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Saturday, Aug. 16, 2008
ODDS AND EVENS
Phelps on doorstep of unthinkable feat
By ED ODEVEN
BEIJING — This column begins with terrific inspiration: the Olympic flame, steadily casting a bright light high above the track at the National Stadium in Beijing.
I watched some of the morning's track and field events while closely monitoring the events taking place next door at the Water Cube, where the finest week any swimmer has ever had, maybe the finest week any athlete has ever had, took place.
If you didn't think the words "Michael Phelps" would appear in this sentence, you've probably been hiding in a cave for the past two weeks.
Phelps, who took home six gold medals and two bronze medals from the 2004 Athens Olympic Games, now has six gold medals in six finals.
Have you ever had a stretch of success that rivals Phelps'?
I haven't either.
Don't feel bad, Phelps is simply entering the elite echelon matched by only a few sporting legends: Pele, Babe Ruth, Joe Montana, Muhammad Ali, Wilt Chamberlain. You get the picture.
He can tie Mark Spitz's single Olympic record of seven gold medals by winning the men's 100-meter butterfly final, his specialty event (does he really have a specialty?) on Saturday and break Spitz's milestone mark in the men's 4x100 medley relay on Sunday, the final day of swimming at the Beijing Olympic Games.
Swimming has never been hotter.
And nobody has ever been better than "the American superfish," a fine moniker penned by China's official Xinhua news agency.
If you happened to be in the recording studio when Stevie Wonder created his Motown masterpieces in the 1970s, you would've witnessed a similar experience happening live.
News flash: On Friday, Phelps' triumph in the 200-meter individual medley, ending at 10:50 a.m. here in Beijing, gave him another world record.
Naturally, he shattered his old Olympic record of 1 minute, 57.14 seconds, the standard he produced in Athens. This time, he covered the distance in 1:54.23, erasing his last world record in the event (1:54.80), which was set in July at the U.S. Olympic Swimming Trials.
"What makes him the best is his endurance," said Hungary's Laszlo Cseh, the silver medalist in the 200 IM in 1:56.52. "He can swim so many races. In competition, when you look at him, he is the best, so endurance is what makes him so big.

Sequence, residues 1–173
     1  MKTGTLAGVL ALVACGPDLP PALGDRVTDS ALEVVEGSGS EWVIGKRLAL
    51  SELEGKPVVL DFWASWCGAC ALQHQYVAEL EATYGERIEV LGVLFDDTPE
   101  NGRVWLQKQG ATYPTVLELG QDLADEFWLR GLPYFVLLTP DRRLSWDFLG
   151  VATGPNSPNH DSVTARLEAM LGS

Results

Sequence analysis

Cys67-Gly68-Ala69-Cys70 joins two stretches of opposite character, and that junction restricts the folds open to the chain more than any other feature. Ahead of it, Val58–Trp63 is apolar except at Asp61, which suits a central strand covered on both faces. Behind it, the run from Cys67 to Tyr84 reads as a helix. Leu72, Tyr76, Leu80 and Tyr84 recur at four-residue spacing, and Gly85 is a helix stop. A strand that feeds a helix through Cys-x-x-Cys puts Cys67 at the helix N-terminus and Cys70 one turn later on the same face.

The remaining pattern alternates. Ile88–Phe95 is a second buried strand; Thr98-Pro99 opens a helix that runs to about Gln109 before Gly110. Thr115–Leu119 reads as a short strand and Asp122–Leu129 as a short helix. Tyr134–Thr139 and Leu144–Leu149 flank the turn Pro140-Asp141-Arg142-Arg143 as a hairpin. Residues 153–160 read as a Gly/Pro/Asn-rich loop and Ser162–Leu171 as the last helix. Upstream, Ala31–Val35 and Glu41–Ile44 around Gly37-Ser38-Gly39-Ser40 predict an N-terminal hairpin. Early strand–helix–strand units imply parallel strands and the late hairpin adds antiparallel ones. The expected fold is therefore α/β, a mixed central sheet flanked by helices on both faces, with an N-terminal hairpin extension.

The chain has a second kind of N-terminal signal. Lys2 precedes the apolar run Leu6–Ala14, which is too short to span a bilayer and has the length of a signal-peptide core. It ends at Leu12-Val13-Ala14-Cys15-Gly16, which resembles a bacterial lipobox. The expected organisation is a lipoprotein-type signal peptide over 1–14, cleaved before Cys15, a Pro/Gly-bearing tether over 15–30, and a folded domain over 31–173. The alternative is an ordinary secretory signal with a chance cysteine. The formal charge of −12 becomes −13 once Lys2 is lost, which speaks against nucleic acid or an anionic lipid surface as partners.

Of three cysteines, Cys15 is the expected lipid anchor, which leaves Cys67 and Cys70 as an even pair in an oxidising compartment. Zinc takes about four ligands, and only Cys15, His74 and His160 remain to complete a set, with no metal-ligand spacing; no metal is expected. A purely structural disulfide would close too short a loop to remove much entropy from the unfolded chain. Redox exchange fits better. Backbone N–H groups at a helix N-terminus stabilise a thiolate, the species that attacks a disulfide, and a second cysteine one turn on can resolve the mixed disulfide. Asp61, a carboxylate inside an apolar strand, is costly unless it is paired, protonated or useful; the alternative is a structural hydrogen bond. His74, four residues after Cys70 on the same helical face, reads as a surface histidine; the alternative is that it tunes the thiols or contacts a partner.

"It's not a shame to be beaten by the best man," Cseh decided.
At 11:26 a.m., Phelps returned to Lane 4 for the first 100-meter butterfly semifinal. The result was far from shocking: He won the race in 50.97 seconds. Serbia's Milorad Cavic earned the top spot for the final, touching the wall in 50.92 in the second heat.
The schedule-makers didn't do Phelps any favors by putting his Friday morning races so close to each other. But when it was time to race, Phelps brushed aside any distractions.
"I had literally five minutes between the awards ceremony (of the 200 IM) and switching to my race stuff, putting my cap on (and) marching out," the Baltimore native said.
"There was no time. Now I've got a lot of time to rest. I've got 18 hours to get ready for tomorrow."
In his pursuit of perfection, Phelps has been a vehement supporter of increased drug testing, a refreshing change at a time when suspicion of doping in sports is as common as chopsticks at a noodle shop.
"Anybody can say what they want. I know, for me, I'm clean," Phelps told reporters. "I purposely wanted to do more tests to prove it. People can say what they want, but the facts are the facts."
Here's another fact: Phelps doesn't take anything for granted when it's time to compete.
He knows that beating seven other world-class athletes in an individual final is a difficult task, even if most of the world's population is beginning to doubt that losing is possible for Phelps.
"Tomorrow is going to be a tough race," Phelps said, looking ahead to the 100 fly final. "For me to be a player in that race, I have to be closer at the 50. If I'm not, then it will be tough. I was over a body length behind at the 50 in the prelims and came up a bit short, so I have to be there."
Sit down and enjoy the race. And expect one of sports' greatest marks to be tied as Phelps collects his seventh gold and awaits a date with destiny on Sunday.
Final chapters are rarely this special.